PCIe Access - achieve bursts without DMA

David Hawkins dwh at ovro.caltech.edu
Sat Feb 1 10:18:30 EST 2014

Hi Michael,

>> I'm currently trying to benchmark access speeds to our PCIe-connected IP-cores
>> located inside our FPGA. On x86-based systems I was able to achieve bursts for
>> both read and write access. On PPC32, using an e500v2, I had no success at all
>> so far.

Whenever I want to benchmark PCI/PCIe performance I do the
following tests;

1. Peripheral board DMA (board-to-board)

    Use two of your FPGA boards in a chassis and DMA between them.

    In a PCI system, you can put the cards on the same bus segment and
    then between a bridge and see how that affects things. In your case,
    the PCIe traffic will all be via the root-complex/switch, so
    you should get the same performance regardless of which PCIe slot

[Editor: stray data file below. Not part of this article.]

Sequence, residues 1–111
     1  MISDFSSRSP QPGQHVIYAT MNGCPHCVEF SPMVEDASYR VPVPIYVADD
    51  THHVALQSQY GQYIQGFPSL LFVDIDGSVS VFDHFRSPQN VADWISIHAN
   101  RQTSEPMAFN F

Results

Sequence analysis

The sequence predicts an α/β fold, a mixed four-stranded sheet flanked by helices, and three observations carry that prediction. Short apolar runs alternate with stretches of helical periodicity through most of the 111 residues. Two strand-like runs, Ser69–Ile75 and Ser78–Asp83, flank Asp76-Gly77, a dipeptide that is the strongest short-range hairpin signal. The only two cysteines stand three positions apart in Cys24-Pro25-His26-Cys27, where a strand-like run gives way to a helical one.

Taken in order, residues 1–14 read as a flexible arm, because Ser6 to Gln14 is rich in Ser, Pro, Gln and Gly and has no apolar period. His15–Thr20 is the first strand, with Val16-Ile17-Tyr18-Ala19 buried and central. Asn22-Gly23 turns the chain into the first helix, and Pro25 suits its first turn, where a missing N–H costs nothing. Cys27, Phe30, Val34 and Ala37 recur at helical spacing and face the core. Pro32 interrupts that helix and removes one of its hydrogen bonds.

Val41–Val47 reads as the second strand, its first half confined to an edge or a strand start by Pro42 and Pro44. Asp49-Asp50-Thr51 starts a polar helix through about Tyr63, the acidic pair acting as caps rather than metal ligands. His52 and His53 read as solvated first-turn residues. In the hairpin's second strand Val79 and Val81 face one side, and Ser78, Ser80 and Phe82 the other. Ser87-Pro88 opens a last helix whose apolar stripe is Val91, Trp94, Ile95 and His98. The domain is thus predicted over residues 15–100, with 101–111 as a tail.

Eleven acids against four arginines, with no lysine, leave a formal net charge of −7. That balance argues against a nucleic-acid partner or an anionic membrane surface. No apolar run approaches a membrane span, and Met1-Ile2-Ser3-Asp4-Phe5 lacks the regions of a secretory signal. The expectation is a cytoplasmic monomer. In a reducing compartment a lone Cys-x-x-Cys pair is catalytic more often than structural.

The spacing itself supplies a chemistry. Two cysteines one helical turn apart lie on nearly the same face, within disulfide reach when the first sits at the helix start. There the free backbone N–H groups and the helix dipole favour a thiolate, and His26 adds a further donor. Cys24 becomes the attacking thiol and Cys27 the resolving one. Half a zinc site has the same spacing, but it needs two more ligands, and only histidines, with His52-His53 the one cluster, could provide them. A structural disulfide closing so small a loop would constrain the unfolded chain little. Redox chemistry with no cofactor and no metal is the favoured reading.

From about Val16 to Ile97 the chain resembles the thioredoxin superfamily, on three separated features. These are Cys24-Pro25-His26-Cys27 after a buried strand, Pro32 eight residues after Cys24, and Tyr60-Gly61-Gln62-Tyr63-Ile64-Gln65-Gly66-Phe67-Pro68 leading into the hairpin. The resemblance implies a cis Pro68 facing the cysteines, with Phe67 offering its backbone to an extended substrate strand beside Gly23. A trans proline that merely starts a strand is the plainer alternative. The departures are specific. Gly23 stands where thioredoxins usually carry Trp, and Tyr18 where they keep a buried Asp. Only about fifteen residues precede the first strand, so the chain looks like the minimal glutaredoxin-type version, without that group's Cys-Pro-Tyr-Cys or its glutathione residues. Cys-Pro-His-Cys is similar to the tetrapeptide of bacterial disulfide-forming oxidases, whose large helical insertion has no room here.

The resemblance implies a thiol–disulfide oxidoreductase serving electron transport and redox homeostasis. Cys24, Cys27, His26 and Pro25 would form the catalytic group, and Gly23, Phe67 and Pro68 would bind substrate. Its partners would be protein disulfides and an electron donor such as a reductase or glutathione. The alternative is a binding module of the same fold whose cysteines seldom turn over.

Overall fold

you use.

    This is likely the "best you can do" as far as bursts go.

2. Peripheral board DMA to host memory.

    In this case I typically insmod a simple driver on the host that
    gives me a page of memory, and then DMA into and out of that
    memory, using the DMA controller on the peripheral.

3. Host (root complex) DMA.

    If your host has a DMA controller, then program it per (2).

As far as "verification" of your custom peripheral board FPGA IP is
concerned, if I was a customer, and you had data for (1) and (2),
I'd be pretty happy (and could care less about (2), since its so
system dependent).

Since its an FPGA-based IP. I'd also expect to see a PCIe simulation
with Bus Functional Models showing what the optimal performance of
your IP was, and then how it nicely matches with the measurements
in (1). If you do not have a PCIe logic analyzer, both Xilinx and
Altera have Chipscope/SignalTap logic analyzers that can be used
for tracing traffic at the TLP layer inside the FPGA.

Just some thoughts ...


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